Jazz-loving penfriends, New Orleans joys

Val Wilmer
Thursday, June 13, 2024

The New Orleans revivalist movement was in full swing in California when a London teenager wrote to its stars. Val Wilmer was that fan. She tells the story, with photographs by Carlos Flores

The New Imperial Jazz Eagles, Los Angeles, 1950s. New Orleans musicians Mike DeLay (trumpet), Edgar Mosely (drums) and Polo Barnes (clarinet) used a marching band name for their revivalist group
The New Imperial Jazz Eagles, Los Angeles, 1950s. New Orleans musicians Mike DeLay (trumpet), Edgar Mosely (drums) and Polo Barnes (clarinet) used a marching band name for their revivalist group

I was 13 when I ran on to the pitch at Crystal Palace to get the goalkeeper’s autograph, and 14 when I waited for Richard Burton outside the Old Vic stage door. Around the same time, I found a book about jazz in the local library and cut out some of the photographs, formal portraits of black men in suits; King Oliver and Jelly Roll Morton. Shameful, I know, but the purloined prints served as backdrop to a life-altering correspondence with a musician who had played in the bands of both leaders, and with other great names in New Orleans jazz.

The postwar revivalist movement, spearheaded in part by the 're-discovery’ of trumpeter Bunk Johnson, was still in full swing when jazz reached out and discovered me. From the monthly Jazz Journal, I learnt that a number of veterans had settled in Southern California, finding a ready-made new audience for their music among a young, mainly white, intelligentsia and Hollywood workers. Enthusiasm for the early sound crossed the pond at the same time, sweeping up youngsters like me in its wake.

What was there not to like about being young and collecting autographs? What was there not to like about jazz? As I persevered with my listening, I was befriended by elders, among them discographer Brian Rust and the writer Max Jones, who set me on the right track. Within a year, thanks to Brian, I had received a letter from drummer Baby Dodds and a Christmas card from clarinettist Omer Simeon, both of them key figures in early jazz. Dodds started out playing on the Mississippi riverboats before recording with King Oliver and Louis Armstrong’s Hot Five and Seven. Simeon was a star of Jelly Roll Morton's Red Hot Peppers.

As I acquired addresses, I wrote to everyone, and almost everyone wrote back. I soon boasted letters from historical figures, some of whom were there at the point when ragtime turned into jazz. Most prolific of my correspondents was Paul 'Polo’ Barnes, born in 1901, and better-known as a clarinettist in his later career. In the 1920s, he played saxophone alongside Simeon and Barney Bigard, in the reed section of King Oliver’s band, in a line-up that also included trumpeter Henry 'Red’ Allen and the great New Orleans drummer Paul Barbarin. He toured again with Oliver in the 1930s, in the often raggedy ensemble of the King’s final years, and was a key figure in providing data for an Oliver biography, providing the authors with access to his daily journals from that era.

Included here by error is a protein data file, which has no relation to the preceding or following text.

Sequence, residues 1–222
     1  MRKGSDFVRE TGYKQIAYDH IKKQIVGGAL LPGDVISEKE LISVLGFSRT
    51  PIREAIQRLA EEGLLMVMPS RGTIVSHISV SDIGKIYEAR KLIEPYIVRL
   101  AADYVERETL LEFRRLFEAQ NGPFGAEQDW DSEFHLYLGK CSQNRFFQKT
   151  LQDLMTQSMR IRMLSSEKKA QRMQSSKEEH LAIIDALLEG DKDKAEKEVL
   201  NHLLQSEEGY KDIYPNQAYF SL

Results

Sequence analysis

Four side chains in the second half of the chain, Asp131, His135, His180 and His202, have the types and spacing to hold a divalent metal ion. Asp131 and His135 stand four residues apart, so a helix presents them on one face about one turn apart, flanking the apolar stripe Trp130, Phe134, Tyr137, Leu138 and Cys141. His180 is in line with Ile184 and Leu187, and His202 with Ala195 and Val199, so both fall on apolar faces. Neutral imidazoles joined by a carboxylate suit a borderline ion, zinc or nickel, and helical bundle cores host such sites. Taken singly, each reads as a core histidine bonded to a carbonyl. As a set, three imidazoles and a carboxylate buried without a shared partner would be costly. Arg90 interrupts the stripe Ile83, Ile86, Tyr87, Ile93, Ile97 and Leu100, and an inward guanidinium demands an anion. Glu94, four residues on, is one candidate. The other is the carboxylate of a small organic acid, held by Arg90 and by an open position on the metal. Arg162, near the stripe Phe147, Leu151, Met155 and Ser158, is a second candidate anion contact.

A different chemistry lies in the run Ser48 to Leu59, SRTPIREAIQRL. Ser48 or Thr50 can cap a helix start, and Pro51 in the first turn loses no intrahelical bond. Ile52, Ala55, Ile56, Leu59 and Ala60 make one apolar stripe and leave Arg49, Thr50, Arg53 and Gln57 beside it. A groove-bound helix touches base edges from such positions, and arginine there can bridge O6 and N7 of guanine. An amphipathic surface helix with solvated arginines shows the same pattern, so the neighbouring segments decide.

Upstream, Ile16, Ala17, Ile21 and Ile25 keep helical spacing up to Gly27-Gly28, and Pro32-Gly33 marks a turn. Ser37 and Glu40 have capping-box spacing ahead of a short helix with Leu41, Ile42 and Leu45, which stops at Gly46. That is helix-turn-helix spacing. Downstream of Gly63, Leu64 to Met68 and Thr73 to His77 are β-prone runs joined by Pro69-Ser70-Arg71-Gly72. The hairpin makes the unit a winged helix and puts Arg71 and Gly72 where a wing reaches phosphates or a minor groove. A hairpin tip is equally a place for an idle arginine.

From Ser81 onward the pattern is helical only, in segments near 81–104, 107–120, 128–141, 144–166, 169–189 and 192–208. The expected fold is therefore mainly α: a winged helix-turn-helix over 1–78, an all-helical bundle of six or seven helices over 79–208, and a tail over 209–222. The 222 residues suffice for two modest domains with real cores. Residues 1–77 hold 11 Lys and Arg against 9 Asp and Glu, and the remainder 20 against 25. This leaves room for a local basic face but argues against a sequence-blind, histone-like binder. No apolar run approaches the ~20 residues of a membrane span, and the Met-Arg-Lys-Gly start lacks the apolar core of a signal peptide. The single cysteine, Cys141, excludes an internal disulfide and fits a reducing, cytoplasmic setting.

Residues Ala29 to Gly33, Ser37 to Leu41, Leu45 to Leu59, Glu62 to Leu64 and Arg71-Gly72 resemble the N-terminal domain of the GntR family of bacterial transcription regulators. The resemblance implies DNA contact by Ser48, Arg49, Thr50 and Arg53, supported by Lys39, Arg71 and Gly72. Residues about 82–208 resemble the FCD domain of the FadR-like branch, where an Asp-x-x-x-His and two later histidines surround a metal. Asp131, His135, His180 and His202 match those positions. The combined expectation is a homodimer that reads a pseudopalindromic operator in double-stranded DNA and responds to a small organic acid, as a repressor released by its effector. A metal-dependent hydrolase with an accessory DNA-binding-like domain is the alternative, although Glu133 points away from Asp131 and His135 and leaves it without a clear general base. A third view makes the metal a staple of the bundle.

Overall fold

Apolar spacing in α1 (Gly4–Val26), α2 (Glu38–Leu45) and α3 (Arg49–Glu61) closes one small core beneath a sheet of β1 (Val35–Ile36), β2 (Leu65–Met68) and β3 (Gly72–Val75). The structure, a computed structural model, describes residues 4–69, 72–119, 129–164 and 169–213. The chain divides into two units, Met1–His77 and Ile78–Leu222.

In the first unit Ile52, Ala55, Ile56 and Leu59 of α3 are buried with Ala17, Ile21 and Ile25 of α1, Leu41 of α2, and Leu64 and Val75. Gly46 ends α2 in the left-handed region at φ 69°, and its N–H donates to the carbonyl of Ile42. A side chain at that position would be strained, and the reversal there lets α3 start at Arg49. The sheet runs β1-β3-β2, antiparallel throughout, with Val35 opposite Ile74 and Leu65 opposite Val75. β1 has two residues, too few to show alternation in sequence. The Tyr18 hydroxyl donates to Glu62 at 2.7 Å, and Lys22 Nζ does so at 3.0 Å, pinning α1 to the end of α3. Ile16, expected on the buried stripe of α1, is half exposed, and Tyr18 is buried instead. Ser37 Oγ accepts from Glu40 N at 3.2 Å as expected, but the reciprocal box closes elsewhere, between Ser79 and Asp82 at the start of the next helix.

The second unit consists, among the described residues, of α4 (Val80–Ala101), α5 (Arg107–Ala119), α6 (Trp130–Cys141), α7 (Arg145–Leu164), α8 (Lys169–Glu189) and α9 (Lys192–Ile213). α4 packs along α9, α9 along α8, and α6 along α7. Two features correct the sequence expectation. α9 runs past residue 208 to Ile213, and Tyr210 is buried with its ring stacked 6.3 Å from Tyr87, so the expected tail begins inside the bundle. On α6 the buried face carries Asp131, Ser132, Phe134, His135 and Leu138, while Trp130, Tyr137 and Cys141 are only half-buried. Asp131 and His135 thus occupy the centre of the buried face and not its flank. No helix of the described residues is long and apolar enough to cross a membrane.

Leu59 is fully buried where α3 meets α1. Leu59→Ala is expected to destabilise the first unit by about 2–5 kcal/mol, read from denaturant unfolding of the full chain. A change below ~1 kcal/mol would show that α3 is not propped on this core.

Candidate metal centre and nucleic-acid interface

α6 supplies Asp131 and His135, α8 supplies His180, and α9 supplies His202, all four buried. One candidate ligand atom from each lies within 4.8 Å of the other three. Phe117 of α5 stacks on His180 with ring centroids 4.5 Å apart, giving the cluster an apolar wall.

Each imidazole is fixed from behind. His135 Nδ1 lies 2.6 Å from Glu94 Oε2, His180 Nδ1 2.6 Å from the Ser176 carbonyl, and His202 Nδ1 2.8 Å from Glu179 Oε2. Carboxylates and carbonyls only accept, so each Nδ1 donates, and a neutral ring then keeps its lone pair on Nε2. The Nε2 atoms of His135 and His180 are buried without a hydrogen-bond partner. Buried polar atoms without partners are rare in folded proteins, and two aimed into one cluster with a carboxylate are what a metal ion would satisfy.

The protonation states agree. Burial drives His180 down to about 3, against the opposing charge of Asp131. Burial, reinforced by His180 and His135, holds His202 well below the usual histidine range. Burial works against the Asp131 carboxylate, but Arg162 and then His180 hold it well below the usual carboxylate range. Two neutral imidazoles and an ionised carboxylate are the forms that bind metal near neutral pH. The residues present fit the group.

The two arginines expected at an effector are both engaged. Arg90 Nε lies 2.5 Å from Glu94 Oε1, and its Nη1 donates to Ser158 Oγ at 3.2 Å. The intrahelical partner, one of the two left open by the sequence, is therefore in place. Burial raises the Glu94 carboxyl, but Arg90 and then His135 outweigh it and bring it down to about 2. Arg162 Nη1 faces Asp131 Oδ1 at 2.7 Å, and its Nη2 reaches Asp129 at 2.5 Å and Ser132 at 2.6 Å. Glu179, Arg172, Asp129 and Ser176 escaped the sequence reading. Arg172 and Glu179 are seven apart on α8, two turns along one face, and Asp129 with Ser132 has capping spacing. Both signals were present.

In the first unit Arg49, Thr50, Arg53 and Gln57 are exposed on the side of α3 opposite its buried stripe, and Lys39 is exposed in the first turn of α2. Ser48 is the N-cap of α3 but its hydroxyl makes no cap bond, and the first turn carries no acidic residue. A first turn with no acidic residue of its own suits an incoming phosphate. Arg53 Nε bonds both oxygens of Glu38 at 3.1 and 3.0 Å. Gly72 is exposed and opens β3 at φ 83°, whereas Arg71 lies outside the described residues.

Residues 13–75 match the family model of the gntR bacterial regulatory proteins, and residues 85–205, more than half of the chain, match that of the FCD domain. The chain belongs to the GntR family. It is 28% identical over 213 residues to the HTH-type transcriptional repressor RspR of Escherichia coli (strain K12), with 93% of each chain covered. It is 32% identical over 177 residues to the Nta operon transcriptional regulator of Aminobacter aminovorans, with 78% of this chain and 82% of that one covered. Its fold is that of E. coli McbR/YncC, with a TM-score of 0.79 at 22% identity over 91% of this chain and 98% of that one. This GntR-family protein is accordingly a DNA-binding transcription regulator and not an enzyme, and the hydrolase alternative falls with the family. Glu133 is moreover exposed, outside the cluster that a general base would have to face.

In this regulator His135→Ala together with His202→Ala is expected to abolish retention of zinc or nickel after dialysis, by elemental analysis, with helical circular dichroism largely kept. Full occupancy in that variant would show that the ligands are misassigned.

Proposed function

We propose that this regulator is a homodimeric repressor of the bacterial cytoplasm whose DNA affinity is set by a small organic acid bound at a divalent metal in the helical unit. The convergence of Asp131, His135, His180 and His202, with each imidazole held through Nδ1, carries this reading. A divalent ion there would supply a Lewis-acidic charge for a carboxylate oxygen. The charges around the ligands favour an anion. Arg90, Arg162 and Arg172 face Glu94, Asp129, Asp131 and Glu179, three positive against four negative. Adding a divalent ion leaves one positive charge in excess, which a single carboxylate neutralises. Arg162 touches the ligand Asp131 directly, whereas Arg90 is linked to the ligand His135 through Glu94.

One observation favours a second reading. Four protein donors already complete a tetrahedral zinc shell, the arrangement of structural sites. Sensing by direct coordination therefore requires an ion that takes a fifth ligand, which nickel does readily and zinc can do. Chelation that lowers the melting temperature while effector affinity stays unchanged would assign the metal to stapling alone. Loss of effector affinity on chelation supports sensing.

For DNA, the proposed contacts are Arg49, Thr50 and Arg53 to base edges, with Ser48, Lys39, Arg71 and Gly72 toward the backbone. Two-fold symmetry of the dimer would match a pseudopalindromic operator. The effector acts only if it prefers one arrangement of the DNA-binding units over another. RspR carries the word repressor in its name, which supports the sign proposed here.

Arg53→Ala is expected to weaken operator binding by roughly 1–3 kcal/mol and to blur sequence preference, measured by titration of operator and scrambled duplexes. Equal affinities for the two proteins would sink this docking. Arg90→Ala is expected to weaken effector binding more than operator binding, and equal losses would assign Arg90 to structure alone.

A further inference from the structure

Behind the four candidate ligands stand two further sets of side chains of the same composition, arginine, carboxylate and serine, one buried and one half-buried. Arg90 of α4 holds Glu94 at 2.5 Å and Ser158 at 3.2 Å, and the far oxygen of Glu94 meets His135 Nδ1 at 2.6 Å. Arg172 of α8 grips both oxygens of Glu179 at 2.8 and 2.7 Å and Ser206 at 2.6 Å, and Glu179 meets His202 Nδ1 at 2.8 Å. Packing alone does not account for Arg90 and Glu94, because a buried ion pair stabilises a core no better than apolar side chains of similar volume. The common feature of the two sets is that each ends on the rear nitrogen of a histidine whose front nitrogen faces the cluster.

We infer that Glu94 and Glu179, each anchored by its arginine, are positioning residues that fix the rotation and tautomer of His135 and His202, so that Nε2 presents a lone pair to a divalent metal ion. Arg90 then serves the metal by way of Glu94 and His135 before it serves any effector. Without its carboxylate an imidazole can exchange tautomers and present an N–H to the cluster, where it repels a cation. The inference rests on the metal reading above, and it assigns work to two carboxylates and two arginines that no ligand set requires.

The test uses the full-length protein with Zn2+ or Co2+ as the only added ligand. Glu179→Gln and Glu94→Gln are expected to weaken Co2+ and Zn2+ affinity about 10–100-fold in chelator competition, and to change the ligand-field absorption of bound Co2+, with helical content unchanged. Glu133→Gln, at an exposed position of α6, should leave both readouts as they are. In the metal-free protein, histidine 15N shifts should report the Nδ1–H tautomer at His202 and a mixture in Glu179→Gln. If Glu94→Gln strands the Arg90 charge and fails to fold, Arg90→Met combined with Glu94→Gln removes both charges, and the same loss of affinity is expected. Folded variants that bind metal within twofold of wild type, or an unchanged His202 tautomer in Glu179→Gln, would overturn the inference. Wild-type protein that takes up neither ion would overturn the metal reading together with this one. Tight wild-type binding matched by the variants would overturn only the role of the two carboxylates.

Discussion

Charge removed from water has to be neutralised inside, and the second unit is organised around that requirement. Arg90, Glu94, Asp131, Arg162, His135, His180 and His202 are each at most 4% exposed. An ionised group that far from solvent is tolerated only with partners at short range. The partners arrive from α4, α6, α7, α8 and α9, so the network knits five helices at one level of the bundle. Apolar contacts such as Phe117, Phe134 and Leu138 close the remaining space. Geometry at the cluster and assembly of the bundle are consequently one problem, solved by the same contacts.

Brian Rust co-authored that biography, and kindly passed on Polo’s address. Living in Los Angeles, Barnes was working at a day job like most of the musicians, but also had a regular gig at a place called the Blue Bird Cavern where Johnny St Cyr often joined him on stage. St Cyr was another of the great names of early jazz, an alumnus of the Morton and Armstrong recording bands that gave us such classics as 'Black Bottom Stomp' and 'Potato Head Blues'. Discographies list him playing banjo, but it was a unique instrument of his own creation, a banjo with guitar neck attached.

All the musicians were members of the Southern California Hot Jazz Society, an enthusiasts' conclave run by journalist Floyd Levin. I never imagined the flood of letters and snapshots to follow my tentative overtures, but Polo was an industrious correspondent, whose thoughtful letters demonstrated concern for a teenage fan. His predilection for writing began early, hence his fastidious record-keeping, and it was an attribute he kept up for the rest of his days.

Polo played in the Young Imperial Jazz Eagles, a mixed-race band with a white woman pianist and two New Orleanians, Edgar Moseley on drums, and Mike De Lay, trumpet. With his crinkly hair and fetching smile, De Lay looked, to my young eyes, just like a jazz musician should be. A decade younger than Polo, he, too, grew up in a French-speaking New Orleans household, where the family drank wine with their meals. With a cornet thrust into his hand as a child, he played for dances organised by his aunt at Old Economy Hall, a famous jazz landmark, and sat in on Paul Barbarin’s rehearsals.